Here we go… <eh hem> William likes new shoes. He likes to look at them, he likes to wear them, he likes to touch them… he likes to smell them. He will get a pair in his stocking this year and will say “NEW SHOES!!”  He will want to put them on and I will smile a big smile.  Doesn’t seem so exciting???  It is to him and so my list begins…

On a regular basis, William loves to bounce, work on his iPad, and loves playing on the monkey bars (his poor calloused hands).  These are all “typical.” But, one of his favorite toys is the… ready for this… the plastic spoon!  Yep, the cheap white party plastic spoon.  He holds it, taps on it, walks around with it, jumps with it… it’s pretty much with him all of the time.  He would choose it over a piece of pie a hundred times over.  Does it make him happy, yes.  Is it “typical?”… well, not to the majority, but it’s not about YOU (the parent) and what you think your child should like.

So this year, whatever they like, throw it in the stocking for heavens sake!  Sit back (while sipping a mimosa) and watch their amusement as they open something they actually like and want.  For William, it won’t be the multi-hundred dollar Wii game and accessories… it will be new shoes, a pogo stick, and a plastic spoon… or two.

To read more blogs from Melanie Fowler and TheFowler4Group, check out their Website (www.lookatmyeyes.com) and while you’re there, buy a copy of their book, “Look At My Eyes”.  Or find them on YouTube.  

To contact TheFowler4 Group email: info@thefowler4group.com…oh and they just released their book in SPANISH as well…buy it now! (www.lookatmyeyes.com)

Ugh, ANOTHER thing I hate about Autism

The list is long and distinguished regarding the things I hate about autism…but this is the one on my mind…would LOVE to hear if this affects you and  your child and if so, what do you do about it?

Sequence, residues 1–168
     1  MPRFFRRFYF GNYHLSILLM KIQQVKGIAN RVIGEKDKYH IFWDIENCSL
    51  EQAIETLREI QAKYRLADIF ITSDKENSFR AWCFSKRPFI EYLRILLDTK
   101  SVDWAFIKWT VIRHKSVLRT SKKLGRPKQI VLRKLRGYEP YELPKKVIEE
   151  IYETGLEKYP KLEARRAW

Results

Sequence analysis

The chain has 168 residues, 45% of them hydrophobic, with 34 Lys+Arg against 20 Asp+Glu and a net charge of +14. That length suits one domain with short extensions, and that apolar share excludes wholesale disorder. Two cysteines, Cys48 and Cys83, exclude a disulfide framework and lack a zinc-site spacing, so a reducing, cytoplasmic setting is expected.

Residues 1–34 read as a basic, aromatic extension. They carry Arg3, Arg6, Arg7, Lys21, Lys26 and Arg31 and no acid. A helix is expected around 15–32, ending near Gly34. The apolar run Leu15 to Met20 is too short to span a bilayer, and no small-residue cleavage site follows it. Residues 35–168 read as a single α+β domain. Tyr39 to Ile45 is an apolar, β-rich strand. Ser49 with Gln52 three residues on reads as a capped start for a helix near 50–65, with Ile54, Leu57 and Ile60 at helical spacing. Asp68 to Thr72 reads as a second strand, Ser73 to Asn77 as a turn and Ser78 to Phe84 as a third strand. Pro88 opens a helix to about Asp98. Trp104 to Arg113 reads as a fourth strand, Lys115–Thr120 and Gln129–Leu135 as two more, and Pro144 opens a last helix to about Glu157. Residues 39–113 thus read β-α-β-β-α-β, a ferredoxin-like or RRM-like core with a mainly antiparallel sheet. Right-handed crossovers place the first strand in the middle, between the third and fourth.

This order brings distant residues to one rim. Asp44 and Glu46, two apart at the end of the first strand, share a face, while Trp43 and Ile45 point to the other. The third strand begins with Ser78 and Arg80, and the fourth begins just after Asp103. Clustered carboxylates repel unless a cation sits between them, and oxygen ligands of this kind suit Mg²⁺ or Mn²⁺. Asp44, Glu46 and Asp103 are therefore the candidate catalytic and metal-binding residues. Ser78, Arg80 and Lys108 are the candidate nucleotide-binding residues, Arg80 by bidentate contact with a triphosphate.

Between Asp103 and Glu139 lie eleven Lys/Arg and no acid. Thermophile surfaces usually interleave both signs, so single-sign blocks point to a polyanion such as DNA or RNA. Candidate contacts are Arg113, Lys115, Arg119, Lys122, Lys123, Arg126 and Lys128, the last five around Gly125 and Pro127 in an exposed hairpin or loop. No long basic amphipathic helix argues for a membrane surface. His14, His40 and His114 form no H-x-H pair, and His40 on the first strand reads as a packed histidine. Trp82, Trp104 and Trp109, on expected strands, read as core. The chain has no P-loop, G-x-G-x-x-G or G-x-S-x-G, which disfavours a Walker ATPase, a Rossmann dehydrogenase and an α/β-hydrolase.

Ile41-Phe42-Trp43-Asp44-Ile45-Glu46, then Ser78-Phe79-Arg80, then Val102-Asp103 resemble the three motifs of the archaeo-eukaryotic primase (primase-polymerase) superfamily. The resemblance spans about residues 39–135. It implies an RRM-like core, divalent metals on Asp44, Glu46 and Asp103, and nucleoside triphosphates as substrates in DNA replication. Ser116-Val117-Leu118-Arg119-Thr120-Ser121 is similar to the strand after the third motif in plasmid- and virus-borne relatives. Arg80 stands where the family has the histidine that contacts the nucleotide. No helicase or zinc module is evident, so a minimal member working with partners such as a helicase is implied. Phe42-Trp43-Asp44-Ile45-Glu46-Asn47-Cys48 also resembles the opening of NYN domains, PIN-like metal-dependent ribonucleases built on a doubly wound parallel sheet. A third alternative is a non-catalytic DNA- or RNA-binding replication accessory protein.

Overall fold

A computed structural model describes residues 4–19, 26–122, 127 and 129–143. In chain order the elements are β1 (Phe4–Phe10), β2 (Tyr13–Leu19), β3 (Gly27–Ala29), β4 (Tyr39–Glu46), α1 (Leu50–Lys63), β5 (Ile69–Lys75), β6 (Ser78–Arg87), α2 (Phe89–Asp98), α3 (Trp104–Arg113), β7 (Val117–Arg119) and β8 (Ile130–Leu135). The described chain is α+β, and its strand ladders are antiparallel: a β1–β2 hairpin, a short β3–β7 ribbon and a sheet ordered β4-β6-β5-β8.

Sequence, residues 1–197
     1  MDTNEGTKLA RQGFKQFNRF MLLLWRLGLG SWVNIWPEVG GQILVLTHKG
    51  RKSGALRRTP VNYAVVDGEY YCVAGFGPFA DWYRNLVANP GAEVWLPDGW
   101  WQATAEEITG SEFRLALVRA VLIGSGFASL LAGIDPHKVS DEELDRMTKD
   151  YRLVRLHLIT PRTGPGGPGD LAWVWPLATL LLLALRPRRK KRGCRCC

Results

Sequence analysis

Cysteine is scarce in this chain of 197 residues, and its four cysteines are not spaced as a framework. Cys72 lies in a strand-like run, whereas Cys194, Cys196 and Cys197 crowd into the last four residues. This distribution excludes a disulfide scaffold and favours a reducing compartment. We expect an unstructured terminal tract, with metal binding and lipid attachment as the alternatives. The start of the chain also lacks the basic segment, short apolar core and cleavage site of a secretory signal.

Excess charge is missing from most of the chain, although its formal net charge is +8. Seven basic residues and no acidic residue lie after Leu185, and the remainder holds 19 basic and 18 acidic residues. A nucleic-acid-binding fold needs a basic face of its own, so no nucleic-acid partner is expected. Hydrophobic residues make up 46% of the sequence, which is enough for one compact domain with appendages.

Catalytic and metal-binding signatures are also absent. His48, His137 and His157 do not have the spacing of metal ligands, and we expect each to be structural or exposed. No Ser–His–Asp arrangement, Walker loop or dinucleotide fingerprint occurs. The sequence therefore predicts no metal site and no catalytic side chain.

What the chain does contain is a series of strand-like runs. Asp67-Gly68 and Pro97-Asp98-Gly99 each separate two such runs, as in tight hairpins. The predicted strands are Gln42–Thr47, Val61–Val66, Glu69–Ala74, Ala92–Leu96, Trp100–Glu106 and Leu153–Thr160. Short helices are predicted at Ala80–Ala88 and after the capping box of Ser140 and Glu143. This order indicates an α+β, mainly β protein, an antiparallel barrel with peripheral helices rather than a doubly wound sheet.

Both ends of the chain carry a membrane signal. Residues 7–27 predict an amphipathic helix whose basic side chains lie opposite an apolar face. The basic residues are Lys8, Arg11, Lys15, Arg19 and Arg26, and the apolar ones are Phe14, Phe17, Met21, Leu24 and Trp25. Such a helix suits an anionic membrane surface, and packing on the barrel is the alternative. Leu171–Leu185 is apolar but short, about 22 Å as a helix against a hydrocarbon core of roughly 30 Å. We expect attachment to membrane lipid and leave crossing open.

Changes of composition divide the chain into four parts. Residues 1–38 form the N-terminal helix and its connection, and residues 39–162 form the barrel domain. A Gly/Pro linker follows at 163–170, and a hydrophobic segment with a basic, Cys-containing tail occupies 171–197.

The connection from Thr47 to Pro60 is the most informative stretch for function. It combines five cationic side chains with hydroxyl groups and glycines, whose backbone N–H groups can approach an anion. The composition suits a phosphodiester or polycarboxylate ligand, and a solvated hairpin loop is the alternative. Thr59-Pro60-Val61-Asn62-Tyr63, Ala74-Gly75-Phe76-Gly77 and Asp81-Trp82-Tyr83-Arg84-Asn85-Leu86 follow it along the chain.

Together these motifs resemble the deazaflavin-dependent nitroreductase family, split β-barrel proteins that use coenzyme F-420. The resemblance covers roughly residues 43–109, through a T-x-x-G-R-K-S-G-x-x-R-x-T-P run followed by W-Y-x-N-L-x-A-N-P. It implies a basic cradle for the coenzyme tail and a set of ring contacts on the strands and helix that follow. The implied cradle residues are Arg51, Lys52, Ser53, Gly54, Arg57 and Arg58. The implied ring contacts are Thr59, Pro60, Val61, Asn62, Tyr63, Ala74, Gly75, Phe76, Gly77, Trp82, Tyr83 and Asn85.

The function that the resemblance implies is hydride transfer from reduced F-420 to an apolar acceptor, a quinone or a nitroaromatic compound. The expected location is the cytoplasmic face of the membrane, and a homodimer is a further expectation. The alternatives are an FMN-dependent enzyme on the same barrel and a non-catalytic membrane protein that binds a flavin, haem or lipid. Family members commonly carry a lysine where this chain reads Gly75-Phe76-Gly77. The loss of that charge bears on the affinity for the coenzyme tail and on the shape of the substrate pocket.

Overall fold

William has these episodes of frustration or confusion where he starts spiraling and just can’t regroup and bounce back without major meltdowns or fits of rage.

For example…yesterday my wife picked him up from school and  he for some reason didn’t want the snack she gave him in the car.  He got frustrated with the snack and then when she took it away, he started freaking out.

Well what do you want?  The snack?  To eat it?  There’s almost like a no-win solution.

It got progressively worse.

We have these ABSURD radio stations in DFW that think it’s funny and cool to start playing Christmas music 24/7 starting the day after Halloween…it’s extremely annoying to me because I get very tired of the same 100 Christmas songs and why rush the holidays?

So William hears a Santa song…then they go home and watch a “Max & Ruby” (he loves those) and it’s about Christmas and so William can’t understand WHY there is no Christmas tree in our house.  He doesn’t understand the concept of time or seasons or anything like that.

He has a total meltdown…he cries and throws his favorite item (these days it’s hair brushes) and just can’t regroup and get it together.

So we turn off the video because he can’t handle it…to which he gets even more upset.